Esri Geotrigger

Geotrigger puts geofencing in Esri mobile apps

Agencies using Esri’s ArcGIS can now create location-aware apps for iPhone and Android. Developers can download a public beta version of Esri’s cloud-based Geotrigger Service to create mobile geofencing applications.

Geofencing − the creation of a virtual perimeter for a real-world geographic area − is among a number of technologies that merge the real-time collection and sharing of location data. Esri’s Geotrigger Service allows developers to build apps based on Esri’s ArcGIS to quickly gather intelligence on where users are when the app is used. Developers can also design apps that send messages to users when they arrive at or leave areas defined by a geofence.

Used for years by public- and private-sector transportation managers to track fleet vehicles, geofencing helps improve safety and minimize theft and inappropriate use. The technology can also protect high-security facilities by alerting managers when people or assets enter or leave authorized areas. State and local governments use geofencing in applications as diverse as ankle bracelets for people under house arrest and the push notifications sent to phones about accidents, missing persons or other emergencies.

As the accuracy of GPS signals improve, the number of geofencing applications is growing. According to Esri, Geotrigger is ideally suited for such purposes as:

  • Protecting private digital data when a user is outside an unauthorized area.
  • Computing users' dwell time at specific locations.
  • Allowing fieldworkers to leave notes and data at places for other fieldworkers to receive upon arrival at that location.
  • Monitoring fieldworkers' location in real time while they are in dangerous areas and alerting them automatically if they get too close to a danger zone.
  • Informing tourists about featured locations as they explore a city or park.
  • Targeting people with geographically and context-aware information.

What makes Geotrigger different than other location-based offerings is that it is a cloud-based service that interacts with individual users instead of any and all users who happen to be within a given fenced location. When the mobile user with a Geotrigger app enters a geofenced area, the Geotrigger cloud service executes a developer-defined action, which may be sending information to the user, tracking the user's time within the geofence or sending notification to another party about the user's presence. If an engineer and a security specialist enter the same location on a military base, for example, each may be provided with a unique set of notes specific to their needs.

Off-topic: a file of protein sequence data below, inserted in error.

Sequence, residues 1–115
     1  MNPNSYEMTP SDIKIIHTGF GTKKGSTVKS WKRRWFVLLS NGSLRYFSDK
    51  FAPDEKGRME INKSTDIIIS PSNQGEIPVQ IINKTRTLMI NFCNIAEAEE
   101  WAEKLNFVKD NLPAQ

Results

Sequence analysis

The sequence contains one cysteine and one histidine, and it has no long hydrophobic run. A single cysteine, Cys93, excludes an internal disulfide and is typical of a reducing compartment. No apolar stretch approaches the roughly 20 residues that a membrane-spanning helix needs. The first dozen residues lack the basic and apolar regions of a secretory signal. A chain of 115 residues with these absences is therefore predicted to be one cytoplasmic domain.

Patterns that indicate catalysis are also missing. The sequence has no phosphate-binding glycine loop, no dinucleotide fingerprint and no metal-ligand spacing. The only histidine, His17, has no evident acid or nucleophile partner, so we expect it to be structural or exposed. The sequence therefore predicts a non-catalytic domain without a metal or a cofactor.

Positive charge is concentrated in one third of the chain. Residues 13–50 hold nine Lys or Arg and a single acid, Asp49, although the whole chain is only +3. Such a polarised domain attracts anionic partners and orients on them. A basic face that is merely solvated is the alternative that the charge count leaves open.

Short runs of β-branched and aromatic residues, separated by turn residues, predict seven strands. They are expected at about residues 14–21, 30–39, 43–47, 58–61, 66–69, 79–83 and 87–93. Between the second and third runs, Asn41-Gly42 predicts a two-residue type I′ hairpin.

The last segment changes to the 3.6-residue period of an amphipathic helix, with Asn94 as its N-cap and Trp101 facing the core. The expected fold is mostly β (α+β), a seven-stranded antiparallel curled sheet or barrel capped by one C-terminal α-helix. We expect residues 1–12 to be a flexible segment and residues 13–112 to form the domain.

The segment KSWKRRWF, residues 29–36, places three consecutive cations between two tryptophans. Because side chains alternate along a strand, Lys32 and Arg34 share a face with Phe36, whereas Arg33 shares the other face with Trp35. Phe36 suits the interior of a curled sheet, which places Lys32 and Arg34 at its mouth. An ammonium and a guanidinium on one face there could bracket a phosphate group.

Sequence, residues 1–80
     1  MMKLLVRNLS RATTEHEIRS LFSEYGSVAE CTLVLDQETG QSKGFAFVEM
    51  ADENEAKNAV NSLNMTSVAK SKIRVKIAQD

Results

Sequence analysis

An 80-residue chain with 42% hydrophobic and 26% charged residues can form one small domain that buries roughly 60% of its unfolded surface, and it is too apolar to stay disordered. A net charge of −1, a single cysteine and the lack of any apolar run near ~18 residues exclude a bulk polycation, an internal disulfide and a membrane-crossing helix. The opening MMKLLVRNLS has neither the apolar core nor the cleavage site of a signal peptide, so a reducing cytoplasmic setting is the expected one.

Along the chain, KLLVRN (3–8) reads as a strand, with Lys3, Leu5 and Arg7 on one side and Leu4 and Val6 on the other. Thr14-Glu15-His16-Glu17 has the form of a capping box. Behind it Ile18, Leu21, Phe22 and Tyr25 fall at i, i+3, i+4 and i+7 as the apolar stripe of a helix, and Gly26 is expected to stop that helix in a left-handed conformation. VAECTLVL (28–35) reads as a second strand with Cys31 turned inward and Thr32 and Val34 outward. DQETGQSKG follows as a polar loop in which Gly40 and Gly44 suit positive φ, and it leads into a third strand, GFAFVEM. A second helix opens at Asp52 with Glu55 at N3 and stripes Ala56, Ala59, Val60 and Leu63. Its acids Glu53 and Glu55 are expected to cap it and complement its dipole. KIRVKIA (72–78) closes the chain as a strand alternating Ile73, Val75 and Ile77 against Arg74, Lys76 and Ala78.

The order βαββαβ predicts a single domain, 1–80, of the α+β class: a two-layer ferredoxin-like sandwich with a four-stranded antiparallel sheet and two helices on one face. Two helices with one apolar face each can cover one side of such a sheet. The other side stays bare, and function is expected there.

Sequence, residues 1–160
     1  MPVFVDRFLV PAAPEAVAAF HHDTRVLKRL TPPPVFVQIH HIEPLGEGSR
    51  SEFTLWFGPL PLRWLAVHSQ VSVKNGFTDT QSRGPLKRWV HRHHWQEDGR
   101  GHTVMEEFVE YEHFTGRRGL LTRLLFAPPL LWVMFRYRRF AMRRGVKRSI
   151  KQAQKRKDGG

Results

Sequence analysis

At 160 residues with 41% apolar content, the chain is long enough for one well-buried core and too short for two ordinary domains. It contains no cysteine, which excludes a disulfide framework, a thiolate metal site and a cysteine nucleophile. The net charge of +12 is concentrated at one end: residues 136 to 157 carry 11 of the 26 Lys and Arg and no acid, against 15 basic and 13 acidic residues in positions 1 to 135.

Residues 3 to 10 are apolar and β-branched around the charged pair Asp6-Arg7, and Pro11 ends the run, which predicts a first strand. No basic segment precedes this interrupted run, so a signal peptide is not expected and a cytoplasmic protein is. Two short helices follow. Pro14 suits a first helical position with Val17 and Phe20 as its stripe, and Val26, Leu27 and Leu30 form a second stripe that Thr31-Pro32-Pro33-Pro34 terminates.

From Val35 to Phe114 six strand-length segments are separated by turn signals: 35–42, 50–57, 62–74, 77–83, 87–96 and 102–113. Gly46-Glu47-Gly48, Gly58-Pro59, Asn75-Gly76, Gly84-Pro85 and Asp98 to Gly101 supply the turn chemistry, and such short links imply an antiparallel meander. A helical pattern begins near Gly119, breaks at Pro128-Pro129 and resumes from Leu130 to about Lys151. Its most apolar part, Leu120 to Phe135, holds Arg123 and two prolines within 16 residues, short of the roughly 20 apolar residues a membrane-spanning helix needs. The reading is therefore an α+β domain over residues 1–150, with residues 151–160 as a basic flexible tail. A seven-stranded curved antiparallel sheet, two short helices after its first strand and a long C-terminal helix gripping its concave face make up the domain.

The free, downloadable package for developers includes Geotrigger Editor, a client-side Web application for creating and editing Geotrigger rules. Using this tool, developers can draw trigger boundaries on maps, as well as define and edit application triggers.

Geotrigger relies on technology developed by Geoloqi, which Esri purchased in 2012. The Geotrigger service also claims to be relatively undemanding on mobile device battery life, thanks to algorithms that take into account the relative proximity of the user to a geofence. Traffic between the user's device and the cloud service is reduced when the user is farther from a geofence. 

Esri is encouraging developers to try the Geotrigger service API and its iPhone and Android SDKs for free until its expected release in early 2014. The company has not, however, disclosed expected pricing for the released product.

About the Author

Patrick Marshall is a freelance technology writer for GCN.

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